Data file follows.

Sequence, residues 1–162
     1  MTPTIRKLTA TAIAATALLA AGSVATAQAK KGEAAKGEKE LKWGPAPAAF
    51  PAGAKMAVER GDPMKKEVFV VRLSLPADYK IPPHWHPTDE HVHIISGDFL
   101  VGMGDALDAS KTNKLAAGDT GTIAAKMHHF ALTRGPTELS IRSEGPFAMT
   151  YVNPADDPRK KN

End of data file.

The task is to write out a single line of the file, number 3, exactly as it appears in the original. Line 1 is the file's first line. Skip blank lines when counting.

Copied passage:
    51  PAGAKMAVER GDPMKKEVFV VRLSLPADYK IPPHWHPTDE HVHIISGDFL